Trademarks can consist of something "other than a title or slogan," as the insurance policy suggests. Trademarks can be the color of an item, e.g. pink sugar substitute packets, the location of a patch on a pair of jeans, e.g. on the back hip of one brand of jeans, the scent of an item, e.g. that of a household deodorizing spray, and the design of a package, e.g., the wrapper of a candy bar. None of these trademarks involves the product's title or slogan.

As noted above, the insurance policy at issue covers suits initiated by third parties against the insured "if such [alleged] injury arises out of [inter alia] infringement of copyright, title or slogan." In addition, the insured's alleged infringing activity must occur "by use [of the copyright, title or slogan] *177 in connection with goods, products or services sold, offered for sale or advertised." Aetna's liability for the judgment rendered against its insured in this context therefore requires (1) that the phrase "Touch of Class" was used by the party that obtained the judgment against the insured as a title and/or slogan; and (2) that the insured employed the phrase "Touch of Class" in connection with jewelry that it sold, offered for sale, or advertised.

In the instant case, it is clear that Touch of Class used the trademark in connection with the advertising and sale of its jewelry. Thus, prong two of the test laid out above is satisfied. Whether the phrase "Touch of Class" was used as a title and/or slogan presents a closer question. English dictionaries generally define "slogan" as any word or combination of words that acts as an attention-getting device. I take judicial notice of the several following slogans: "We try harder;" "Just for the taste of it;" "You're in good hands with Allstate;" and "Good to the last drop." Dictionaries generally define "title" as a name or appellation. I take judicial notice of the following titles: "Big Mac," "Chap Stick," and "Cheerios."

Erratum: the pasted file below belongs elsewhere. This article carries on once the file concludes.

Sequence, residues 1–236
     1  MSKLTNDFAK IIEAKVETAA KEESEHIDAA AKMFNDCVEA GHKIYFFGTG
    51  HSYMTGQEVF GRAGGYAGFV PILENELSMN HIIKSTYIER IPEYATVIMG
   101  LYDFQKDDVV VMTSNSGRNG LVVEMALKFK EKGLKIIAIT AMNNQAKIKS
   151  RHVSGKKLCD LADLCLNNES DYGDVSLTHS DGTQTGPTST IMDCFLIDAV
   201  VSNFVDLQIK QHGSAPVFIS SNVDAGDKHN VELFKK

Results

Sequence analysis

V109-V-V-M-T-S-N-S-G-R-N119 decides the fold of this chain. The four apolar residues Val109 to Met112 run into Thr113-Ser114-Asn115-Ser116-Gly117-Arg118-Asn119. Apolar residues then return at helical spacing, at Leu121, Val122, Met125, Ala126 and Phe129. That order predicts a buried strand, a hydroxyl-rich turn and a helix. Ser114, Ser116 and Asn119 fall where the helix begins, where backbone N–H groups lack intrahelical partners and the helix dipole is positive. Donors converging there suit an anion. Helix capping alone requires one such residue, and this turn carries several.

I find that the Touch of Class concern that holds the trademark for the phrase at issue used that term as an attention-getting device for its jewelry, the effort being to convey a sense of style, fashion and class. Put another way, one might ask the defendant, "What's the beef?"

Aetna is therefore liable for the judgment that Touch of Class suffered as well as the costs Touch of Class incurred in defending the underlying action.



Judgment is granted in favor of plaintiff. Within ten days, plaintiff will submit a specific listing of its damages in the case in order that judgment may be entered in the appropriate amount.




Defendant Aetna moves to reargue the issue decided by this Court in its Memorandum and Order dated October 25, 1995. The motion is GRANTED.

After reviewing all the arguments of defendant and finding no support for its contention that the relief it seeks should be granted, I adhere to my earlier decision for the reasons spelled out therein.